The next thing I knew, Mrs. Jones yanked me up in front of the class and announced that I was being sent home. Soon my mother appeared, and I watched as she came in through the hall door and started making her way toward me. I was so relieved to see her that I ran as fast as I could and buried myself in her waist, holding on to her desperately. But my sense of security was quickly shattered as she pushed me from her, unfastening my grip on her waist and staring down at me with fiery eyes. My mother’s face was redder and angrier than the teacher’s; she was furious and didn’t ask me any questions. I could see her eyes filling with tears although she was trying hard to blink them back.

Por qué lo hiciste?” she screamed at me, demanding to know why I had done what I had “done.” I knew it had something to do with the paper that the teacher had snatched off my desk, but I didn’t know how to begin to answer her. And then, without another word, she slapped me in the face, hard.

I felt so betrayed by her and so humiliated in front of my classmates. I ran out of the room and hid under the water fountain down the hall. My mother came out and found me, wiped my tears, hugged me and took me home.

When we got there, she asked me why I had been so foolish as to pass around a note with filthy words on it. This was the first clue I had about what had happened and why I had gotten into trouble! It didn’t help me feel any better about things. I hadn’t even opened the note, and even if I had, I wouldn’t have understood any of the cuss words that the boy behind me had written on the paper. I didn’t even know bad words in Spanish, let alone in English!

When I explained to my mother exactly what had happened, she was filled with sadness and remorse; she explained that a lot of people in New York didn’t like Puerto Ricans, and that I would have to be careful about that. She said that in order to avoid these “problems,” I would have to behave better than the Anglo kids. I would have to look cleaner, neater and more decent than them, always speak properly and only when spoken to, and never bring suspicion on myself or my family. How I missed my life on the island right then.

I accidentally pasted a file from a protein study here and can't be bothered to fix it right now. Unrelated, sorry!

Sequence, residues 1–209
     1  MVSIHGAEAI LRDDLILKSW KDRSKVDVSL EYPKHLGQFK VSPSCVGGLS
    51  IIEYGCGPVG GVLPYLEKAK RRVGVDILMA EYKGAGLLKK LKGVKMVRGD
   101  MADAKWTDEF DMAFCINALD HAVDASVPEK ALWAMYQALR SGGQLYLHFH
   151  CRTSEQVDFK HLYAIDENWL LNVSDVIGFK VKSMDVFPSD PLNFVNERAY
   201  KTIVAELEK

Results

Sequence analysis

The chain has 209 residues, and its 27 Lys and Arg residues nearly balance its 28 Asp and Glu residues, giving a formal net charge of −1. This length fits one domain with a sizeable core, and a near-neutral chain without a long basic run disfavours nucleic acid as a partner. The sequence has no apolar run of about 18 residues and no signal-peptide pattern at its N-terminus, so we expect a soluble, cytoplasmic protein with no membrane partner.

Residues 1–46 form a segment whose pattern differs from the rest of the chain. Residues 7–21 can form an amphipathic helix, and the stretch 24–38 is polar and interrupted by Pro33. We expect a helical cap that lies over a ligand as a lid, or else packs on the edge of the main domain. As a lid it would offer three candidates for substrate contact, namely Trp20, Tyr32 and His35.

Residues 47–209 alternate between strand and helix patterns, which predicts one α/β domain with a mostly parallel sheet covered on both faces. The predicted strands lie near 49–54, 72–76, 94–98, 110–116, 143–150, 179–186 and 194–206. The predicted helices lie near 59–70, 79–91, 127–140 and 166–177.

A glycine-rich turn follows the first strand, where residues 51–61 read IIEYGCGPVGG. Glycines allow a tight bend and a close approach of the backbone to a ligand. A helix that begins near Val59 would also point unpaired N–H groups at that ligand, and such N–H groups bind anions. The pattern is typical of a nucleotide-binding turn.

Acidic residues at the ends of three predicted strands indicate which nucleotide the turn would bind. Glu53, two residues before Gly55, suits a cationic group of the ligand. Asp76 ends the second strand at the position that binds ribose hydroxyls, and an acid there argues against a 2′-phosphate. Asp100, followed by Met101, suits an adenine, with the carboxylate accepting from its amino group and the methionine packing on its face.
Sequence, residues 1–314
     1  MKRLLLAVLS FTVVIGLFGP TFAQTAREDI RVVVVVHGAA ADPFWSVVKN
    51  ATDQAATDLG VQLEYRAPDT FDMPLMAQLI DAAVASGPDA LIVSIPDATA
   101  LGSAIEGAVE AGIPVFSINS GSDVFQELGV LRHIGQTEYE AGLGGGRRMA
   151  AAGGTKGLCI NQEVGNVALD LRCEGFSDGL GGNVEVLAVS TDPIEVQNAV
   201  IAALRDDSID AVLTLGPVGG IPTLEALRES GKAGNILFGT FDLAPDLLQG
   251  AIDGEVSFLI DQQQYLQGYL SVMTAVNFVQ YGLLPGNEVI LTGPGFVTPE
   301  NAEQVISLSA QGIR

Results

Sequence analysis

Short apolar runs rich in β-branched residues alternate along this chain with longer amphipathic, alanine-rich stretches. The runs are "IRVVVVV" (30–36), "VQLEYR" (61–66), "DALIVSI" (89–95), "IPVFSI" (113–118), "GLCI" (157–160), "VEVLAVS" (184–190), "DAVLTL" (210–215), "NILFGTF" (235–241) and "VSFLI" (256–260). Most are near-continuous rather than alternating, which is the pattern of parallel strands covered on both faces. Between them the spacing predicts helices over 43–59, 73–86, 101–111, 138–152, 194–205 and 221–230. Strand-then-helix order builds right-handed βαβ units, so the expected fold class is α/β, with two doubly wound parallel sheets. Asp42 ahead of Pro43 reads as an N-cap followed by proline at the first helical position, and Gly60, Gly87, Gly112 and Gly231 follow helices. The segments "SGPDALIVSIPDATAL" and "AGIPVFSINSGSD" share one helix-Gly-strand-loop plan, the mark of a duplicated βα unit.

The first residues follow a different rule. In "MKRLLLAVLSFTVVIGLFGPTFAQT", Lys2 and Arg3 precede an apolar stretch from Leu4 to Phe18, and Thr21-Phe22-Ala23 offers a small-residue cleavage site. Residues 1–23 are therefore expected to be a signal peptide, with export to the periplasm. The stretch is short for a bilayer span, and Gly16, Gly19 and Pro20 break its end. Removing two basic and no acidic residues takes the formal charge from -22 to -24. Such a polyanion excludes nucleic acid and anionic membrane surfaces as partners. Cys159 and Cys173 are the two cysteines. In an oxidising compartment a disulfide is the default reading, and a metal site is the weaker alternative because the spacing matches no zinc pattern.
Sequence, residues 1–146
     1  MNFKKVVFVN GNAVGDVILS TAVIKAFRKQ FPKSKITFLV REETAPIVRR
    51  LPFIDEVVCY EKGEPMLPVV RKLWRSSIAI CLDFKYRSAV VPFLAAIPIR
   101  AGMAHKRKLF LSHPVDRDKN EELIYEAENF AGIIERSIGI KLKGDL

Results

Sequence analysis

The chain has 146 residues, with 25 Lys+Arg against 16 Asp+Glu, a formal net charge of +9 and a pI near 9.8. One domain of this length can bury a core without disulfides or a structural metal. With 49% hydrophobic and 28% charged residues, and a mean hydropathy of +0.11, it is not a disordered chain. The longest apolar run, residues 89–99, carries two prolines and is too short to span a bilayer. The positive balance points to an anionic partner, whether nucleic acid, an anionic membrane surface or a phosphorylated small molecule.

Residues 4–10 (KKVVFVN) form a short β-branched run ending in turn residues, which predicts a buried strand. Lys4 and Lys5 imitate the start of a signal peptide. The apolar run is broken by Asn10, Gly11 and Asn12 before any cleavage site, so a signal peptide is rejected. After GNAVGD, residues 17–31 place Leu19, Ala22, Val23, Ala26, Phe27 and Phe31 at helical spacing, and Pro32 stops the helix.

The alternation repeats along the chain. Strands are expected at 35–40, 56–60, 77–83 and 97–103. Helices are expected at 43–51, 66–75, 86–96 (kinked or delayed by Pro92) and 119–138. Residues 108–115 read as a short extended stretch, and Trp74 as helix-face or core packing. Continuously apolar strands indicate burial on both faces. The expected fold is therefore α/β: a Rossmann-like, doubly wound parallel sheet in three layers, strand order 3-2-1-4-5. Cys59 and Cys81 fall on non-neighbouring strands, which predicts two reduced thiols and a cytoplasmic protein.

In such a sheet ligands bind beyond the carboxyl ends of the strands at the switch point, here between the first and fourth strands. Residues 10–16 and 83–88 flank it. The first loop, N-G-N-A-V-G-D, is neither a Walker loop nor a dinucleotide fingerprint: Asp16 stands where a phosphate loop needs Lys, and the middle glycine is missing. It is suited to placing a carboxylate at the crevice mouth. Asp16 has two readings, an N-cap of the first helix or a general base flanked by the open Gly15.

Looking back on this incident as a grown woman, I understand what my mother was trying to do for me. Although she definitely made the wrong choice that day, I’ve come to understand that “choices” don’t come easily when people are living under stress. I was also able to understand that my mother did what she did, ironically, to try to protect me. She wanted Mrs. Jones and the class to know that I came from a “good” Puerto Rican family, and that I would be disciplined harshly by her if I crossed any lines. My mother meant well; she just didn’t have the resources to make a better choice.

Racism is evil. It isn’t something that anyone should have to put up with. It is one of the ultimate injustices of life. But still, I am grateful that my mother set me straight at a very early age so that I could better deal with the life that she and my father had chosen for me. I learned so much from that one experience and from others that followed, and I have become much better equipped than my parents to struggle for myself and my family. As a Latina, as an American and a Nuyorican, I always remember that my greatest resource is believing in myself, believing in us, in our inherent dignity, and in our right to live and thrive in this country.

It’s a life worth struggling for.

Caroline C. Sánchez